Deluded Individualism

From an opinion piece by Firmin DeBrabander in the Sunday NY Times:

Of course the professed individualists have an easy time cutting services for the poor. But this is misguided. There are many counties across the nation that, like Chisago County, might feel insulated from the trials of the destitute. Perhaps this is because they are able to ignore the poverty in their midst, or because they are rather homogeneous and geographically removed from concentrations of poverty, like urban ghettos. But the fate of the middle class counties and urban ghettos is entwined. When the poor are left to rot in their misery, the misery does not stay contained. It harms us all. The crime radiates, the misery offends, it debases the whole. Individuals, much less communities, cannot be insulated from it.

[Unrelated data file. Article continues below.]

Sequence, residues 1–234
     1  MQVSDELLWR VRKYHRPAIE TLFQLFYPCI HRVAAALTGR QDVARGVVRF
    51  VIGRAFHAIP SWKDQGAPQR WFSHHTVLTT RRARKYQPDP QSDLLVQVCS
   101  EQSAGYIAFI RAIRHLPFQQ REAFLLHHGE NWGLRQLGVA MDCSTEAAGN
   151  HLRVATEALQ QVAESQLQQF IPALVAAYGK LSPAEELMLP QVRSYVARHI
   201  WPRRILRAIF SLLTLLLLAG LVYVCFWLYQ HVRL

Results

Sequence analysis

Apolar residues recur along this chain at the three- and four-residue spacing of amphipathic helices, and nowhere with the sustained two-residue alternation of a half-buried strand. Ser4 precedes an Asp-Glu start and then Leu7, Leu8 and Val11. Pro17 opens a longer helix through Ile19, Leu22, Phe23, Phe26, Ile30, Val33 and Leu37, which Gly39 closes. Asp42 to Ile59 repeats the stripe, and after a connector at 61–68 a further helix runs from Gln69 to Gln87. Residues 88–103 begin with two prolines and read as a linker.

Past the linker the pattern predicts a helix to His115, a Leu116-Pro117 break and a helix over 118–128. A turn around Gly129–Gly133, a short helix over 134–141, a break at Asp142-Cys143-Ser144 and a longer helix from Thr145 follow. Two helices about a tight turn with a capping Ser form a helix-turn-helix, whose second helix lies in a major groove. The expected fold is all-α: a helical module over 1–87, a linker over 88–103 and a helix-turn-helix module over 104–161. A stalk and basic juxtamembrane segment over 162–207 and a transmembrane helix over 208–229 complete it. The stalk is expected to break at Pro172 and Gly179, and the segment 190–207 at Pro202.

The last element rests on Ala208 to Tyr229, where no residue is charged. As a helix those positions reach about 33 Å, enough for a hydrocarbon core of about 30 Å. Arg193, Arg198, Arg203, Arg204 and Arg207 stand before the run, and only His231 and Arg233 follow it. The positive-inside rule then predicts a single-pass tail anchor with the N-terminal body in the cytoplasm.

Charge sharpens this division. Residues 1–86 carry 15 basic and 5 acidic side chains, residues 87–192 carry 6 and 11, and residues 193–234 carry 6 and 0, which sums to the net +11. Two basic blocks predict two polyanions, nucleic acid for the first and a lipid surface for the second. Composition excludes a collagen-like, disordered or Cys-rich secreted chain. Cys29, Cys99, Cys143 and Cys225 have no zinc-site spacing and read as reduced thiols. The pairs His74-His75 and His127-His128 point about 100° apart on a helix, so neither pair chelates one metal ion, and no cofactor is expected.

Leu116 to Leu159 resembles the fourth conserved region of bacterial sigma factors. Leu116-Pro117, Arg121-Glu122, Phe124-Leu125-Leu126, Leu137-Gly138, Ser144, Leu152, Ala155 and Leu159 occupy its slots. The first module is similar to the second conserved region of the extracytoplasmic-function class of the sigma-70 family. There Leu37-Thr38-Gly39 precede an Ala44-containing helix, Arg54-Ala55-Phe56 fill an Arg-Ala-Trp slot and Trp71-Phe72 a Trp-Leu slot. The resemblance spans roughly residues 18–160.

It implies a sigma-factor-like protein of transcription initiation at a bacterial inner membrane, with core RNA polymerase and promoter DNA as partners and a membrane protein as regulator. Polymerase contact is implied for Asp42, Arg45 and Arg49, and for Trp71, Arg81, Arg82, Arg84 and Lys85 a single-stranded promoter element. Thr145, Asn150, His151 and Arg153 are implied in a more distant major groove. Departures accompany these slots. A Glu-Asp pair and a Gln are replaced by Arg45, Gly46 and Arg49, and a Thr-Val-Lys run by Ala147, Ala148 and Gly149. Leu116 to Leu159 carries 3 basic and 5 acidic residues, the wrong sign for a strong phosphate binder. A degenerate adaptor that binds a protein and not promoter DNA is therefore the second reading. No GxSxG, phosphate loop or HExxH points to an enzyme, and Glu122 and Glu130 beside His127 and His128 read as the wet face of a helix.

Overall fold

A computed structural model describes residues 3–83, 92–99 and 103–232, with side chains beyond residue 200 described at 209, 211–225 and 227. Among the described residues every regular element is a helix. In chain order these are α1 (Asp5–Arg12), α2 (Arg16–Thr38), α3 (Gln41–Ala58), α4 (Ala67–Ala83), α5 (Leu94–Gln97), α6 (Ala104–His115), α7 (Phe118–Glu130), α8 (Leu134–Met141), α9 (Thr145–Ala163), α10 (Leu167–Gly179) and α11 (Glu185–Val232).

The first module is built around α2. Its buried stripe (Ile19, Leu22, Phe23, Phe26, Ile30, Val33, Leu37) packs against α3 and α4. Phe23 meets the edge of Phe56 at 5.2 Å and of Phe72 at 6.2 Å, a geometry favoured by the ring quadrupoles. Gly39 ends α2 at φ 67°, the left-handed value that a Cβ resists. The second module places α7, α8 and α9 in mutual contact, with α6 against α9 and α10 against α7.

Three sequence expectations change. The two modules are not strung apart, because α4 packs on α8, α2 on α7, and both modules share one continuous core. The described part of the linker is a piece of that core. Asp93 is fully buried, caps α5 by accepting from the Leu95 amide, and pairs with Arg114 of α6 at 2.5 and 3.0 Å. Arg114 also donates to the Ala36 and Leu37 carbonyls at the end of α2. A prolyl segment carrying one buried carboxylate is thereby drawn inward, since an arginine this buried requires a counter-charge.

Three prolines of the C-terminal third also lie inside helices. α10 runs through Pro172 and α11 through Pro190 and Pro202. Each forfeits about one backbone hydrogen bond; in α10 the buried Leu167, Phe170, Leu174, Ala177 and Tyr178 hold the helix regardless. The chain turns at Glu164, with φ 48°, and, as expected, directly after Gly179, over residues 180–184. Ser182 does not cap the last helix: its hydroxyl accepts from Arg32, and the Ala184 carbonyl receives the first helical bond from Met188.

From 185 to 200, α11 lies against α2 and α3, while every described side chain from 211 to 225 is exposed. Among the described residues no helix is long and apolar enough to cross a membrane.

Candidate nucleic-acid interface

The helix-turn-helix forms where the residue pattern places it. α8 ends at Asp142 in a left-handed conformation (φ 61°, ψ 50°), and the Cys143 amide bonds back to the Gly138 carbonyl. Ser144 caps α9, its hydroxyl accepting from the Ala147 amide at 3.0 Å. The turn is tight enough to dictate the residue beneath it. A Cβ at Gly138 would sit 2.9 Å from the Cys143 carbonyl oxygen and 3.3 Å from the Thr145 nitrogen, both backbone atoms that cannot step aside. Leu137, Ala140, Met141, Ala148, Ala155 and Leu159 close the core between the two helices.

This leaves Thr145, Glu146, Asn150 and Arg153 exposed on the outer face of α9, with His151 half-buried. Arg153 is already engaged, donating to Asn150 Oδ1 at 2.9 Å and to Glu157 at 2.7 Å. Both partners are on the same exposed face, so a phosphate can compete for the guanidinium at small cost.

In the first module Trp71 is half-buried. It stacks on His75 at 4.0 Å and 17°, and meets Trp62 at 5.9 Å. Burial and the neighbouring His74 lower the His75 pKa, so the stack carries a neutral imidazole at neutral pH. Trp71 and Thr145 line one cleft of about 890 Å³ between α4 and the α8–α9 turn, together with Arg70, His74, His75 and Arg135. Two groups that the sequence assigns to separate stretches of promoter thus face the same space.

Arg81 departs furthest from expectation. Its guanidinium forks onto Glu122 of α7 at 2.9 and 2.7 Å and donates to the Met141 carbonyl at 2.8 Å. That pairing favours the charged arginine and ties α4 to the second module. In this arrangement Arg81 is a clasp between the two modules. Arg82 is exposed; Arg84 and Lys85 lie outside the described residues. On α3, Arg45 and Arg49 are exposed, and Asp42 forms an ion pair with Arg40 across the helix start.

Thanks to a decades-long safety net, we have forgotten the trials of living without it. This is why, the historian Tony Judt argued, it’s easy for some to speak fondly of a world without government: we can’t fully imagine or recall what it’s like. We can’t really appreciate the horrors Upton Sinclair witnessed in the Chicago slaughterhouses before regulation, or the burden of living without Social Security and Medicare to look forward to. Thus, we can entertain nostalgia for a time when everyone pulled his own weight, bore his own risk, and was the master of his destiny. That time was a myth. But the notion of self-reliance is also a fallacy.

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